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Praying Mantises Are More Badass Than We Realized

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Praying mantises are among the most frightening insects on the planet, equipped with powerful front legs which they use to snatch unwary insects, spiders, and even the odd amphibian or reptile. But as new research reveals, praying mantises are also proficient at capturing birds—which they do more often than we thought.

New research published in The Wilson Journal of Ornithology shows that small birds often fall victim to praying mantises, and that this behavior exists among many different mantis species around the world. Most cases of this insect-on-bird violence were documented in North America, where small birds—particularly hummingbirds—are snatched by the predatory insects when visiting feeders or house gardens.


Praying mantises have those iconic raptorial front legs which allow them to capture animals and grasp them during a meal. Their primary prey consists of bugs and spiders, but they’ve also been observed to eat small vertebrates such as frogs, lizards, salamanders, and snakes. More infrequently, praying mantises have also been seen munching on the odd bird, but it wasn’t known if these were isolated incidents, or a hunting behavior specific to a select group of praying mantises. The new study, co-authored by James Van Remsen from Louisiana State University and Martin Nyffeler from the University of Basel, now shows that this bird-eating behavior exists worldwide among praying mantises and that it’s definitely a thing that praying mantises do.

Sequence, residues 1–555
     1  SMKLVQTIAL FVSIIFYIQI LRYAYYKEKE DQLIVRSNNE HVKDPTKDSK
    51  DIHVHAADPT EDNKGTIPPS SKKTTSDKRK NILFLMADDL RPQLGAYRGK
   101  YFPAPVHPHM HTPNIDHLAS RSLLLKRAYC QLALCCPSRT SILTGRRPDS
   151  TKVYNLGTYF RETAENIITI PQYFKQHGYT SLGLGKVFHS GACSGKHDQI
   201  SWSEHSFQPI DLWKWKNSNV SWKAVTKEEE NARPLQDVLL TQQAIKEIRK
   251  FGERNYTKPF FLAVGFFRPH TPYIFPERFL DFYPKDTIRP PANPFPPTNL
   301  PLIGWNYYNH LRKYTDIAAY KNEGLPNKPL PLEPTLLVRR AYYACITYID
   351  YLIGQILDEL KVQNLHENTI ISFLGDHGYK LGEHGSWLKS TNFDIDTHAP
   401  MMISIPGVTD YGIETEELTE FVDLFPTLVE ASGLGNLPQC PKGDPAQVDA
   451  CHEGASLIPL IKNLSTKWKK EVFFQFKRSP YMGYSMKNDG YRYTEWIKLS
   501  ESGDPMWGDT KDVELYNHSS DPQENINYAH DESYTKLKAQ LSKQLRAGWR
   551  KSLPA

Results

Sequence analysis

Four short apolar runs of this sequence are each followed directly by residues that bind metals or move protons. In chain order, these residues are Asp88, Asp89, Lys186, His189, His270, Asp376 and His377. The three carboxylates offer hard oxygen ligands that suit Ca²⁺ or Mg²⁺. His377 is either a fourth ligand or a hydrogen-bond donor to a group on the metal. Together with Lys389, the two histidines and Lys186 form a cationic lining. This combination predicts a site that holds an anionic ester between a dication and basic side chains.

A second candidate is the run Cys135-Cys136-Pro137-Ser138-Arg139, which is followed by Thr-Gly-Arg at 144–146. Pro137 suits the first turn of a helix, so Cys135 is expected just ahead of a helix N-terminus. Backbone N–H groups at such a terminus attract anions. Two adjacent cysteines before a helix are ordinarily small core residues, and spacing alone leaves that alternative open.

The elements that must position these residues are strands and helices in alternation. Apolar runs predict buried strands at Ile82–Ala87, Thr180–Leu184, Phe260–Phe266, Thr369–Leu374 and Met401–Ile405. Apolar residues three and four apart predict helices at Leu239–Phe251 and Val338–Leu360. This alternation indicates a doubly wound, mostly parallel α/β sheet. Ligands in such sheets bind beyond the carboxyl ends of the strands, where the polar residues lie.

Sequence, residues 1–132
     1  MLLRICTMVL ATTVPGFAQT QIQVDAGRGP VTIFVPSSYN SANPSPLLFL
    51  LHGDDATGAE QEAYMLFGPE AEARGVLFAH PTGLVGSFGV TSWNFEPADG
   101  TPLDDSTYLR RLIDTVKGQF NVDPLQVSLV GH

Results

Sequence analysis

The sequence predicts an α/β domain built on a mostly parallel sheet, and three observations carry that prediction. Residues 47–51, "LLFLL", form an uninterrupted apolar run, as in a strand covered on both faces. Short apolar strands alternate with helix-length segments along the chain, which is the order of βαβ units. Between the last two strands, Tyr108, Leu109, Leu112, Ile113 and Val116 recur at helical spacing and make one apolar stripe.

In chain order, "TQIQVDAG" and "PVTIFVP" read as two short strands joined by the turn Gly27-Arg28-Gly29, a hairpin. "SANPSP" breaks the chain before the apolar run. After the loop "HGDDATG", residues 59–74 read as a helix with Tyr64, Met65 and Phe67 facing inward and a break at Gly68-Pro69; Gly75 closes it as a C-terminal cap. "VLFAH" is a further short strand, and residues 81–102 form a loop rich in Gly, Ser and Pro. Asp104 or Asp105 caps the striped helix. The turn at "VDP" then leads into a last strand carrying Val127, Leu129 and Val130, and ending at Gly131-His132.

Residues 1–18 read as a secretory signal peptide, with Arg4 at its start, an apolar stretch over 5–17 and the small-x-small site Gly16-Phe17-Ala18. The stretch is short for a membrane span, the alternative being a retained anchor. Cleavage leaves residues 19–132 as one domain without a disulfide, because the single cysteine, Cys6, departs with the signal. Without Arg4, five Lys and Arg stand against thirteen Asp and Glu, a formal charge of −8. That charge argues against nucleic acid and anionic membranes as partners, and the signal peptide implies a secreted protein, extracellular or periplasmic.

The zoologists collected and documented nearly 150 cases of bird-eating mantises from around the world. Praying mantises from 12 different species and nine families were observed to eat small birds in the wild. The researchers documented this behavior in 13 different countries, and on all continents except Antarctica. Mantises consume a wide variety of birds, including 24 different species and 14 families.

“The fact that eating of birds is so widespread in praying mantises, both taxonomically as well as geographically speaking, is a spectacular discovery,” noted Nyffeler in a press release.

Of the birds captured, around 78 percent were killed and eaten by the mantises, and two percent managed to escape on their own. The remaining 18 percent were rescued by humans who couldn’t stand to see a bird being torn to shreds by the ravenous insect.

Of the observed cases, 70 percent were reported in the United States, where praying mantises lie in wait around hummingbird feeders or plants pollinated by hummingbirds in house gardens. And indeed, hummingbirds are a frequent victim of mantises—the Ruby-throated hummingbird in particular.


This finding is troubling given that several alien species of praying mantises were deliberately released in North America a few years back as a pest control measure. These imported insects represent a new threat to hummingbirds and other small birds. This is compounded by the fact that large native mantises also prey on birds. “Therefore, we suggest caution in use of large-sized mantids, particularly non-native mantids, in gardens for insect pest control,” conclude the authors in their study.

[The Wilson Journal of Ornithology]